With embers glowing, flames snapping and smoke billowing, two ferocious ovens serve as the twin hearts and hearths of this Glassell Park hot spot. Much of the Southern-inspired menu must pass through them — oysters, cornbread, rib eyes and pork chops. Nearly everything here offers some kind of hearty, no-nonsense kind of comfort.
Juliet (Los Angeles)
The open kitchen buzzes all day, but dinner is where this team shines. Oysters, tartare or tuna carpaccio could kick off the meal, but the mousse au foie de volaille, with its delicate tart filled with chicken liver mousse, toasted hazelnuts and an apple gelee, is an auspicious beginning. Sea bream with ratatouille and pistou is simple but well executed, and pairs well with one of their many wines available by the glass.
Kaori Sushi (Orange County)
Kaori Sushi is living proof that you shouldn't judge a book by its cover. Don't let its location within a nondescript open-air mall fool you, as this spot's flavors are anything but ho-hum. The menu may not be large, but it includes a list of daily dish selections, cooked dishes, such as mara udon or gyu tongue, and more unusual choices like kani blue crab "risotto." An entire menu is dedicated to the restaurant's well-regarded "rolls," but stick to the classic sashimi and nigiri.
Poppy & Seed (Orange County)
Settle in at sunset or under the stars to enjoy dishes such as creamy Anson Mills grits topped with gravy and plump tail-on shrimp. Charred eggplant puree and pickled sea beans lend a bite to steak tartare, while fried Brussels sprouts are sweet and salty thanks to bacon jam and pomegranate. Juicy strawberries and roasted beets make an earthy-sweet combination that could pull double duty as dessert.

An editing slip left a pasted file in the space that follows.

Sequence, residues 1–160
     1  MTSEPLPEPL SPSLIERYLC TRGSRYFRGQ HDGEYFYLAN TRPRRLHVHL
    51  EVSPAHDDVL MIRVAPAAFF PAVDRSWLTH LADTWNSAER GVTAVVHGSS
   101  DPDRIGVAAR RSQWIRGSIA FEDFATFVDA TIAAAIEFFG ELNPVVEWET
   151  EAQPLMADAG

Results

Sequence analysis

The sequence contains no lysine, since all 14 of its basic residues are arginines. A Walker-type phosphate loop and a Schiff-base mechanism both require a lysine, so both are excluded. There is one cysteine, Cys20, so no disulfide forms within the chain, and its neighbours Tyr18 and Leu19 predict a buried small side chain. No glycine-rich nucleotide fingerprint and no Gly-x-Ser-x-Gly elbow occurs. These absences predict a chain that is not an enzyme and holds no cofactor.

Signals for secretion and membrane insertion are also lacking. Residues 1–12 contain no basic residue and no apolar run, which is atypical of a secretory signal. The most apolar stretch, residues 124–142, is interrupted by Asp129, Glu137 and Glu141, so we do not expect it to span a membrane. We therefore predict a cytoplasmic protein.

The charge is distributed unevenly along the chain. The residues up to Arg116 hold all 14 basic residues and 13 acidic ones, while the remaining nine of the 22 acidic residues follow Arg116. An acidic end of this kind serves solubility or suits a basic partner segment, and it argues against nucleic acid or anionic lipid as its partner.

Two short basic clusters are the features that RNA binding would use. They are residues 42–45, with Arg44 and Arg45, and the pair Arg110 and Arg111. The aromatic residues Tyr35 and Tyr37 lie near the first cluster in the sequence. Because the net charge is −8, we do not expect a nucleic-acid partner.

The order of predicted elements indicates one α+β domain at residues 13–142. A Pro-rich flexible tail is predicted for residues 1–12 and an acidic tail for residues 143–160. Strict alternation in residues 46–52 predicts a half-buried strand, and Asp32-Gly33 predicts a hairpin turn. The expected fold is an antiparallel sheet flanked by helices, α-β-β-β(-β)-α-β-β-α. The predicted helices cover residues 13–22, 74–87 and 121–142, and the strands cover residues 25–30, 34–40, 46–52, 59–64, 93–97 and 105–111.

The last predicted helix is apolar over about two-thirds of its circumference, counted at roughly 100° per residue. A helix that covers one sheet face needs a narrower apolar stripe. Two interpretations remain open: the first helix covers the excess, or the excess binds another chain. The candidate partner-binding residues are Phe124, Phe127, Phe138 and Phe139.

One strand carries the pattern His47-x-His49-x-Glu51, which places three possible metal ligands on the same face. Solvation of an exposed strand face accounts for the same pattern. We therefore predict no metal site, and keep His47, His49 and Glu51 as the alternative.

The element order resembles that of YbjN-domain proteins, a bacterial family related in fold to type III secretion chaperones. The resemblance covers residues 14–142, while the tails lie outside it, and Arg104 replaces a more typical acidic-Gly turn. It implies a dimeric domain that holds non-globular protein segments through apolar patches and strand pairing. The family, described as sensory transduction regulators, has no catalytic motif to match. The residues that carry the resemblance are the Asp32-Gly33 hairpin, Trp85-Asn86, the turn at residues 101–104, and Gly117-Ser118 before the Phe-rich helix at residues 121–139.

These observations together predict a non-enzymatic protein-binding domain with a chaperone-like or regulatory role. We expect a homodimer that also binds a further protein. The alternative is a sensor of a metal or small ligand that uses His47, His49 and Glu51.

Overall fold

Taira Sushi & Sake (Orange County)
Young duo Chef Ben and Ayako Sato have penned a love letter to Japan here, where great care is paid to details (even the menu is handwritten nightly) and warm hospitality makes everyone feel welcome. Standouts include kinmedai seared with ponzu, spring onions and red yuzu or tender firefly squid topped with scallions and laced with nori. Seared spicy cod roe and hearty stewed fish cheeks are inventive starters, and a smattering of "rolls" are on offer (think ume shiso roll).
Villa’s Tacos (Los Angeles)
This brick-and-mortar marks a milestone for a chef who first started serving out of his grandmother’s house. The signature queso taco is instantly recognizable, built on a blue corn masa tortilla stacked with refried beans, onion, cilantro, guacamole, cotija cheese, crema and a melted skirt of Monterey Jack. Variations with asada and chorizo are favorites, with vegan options on offer as well. Colorful, messy and filling, these tacos thrive on their own but also sing with the homemade salsas, some of which are ferociously spicy.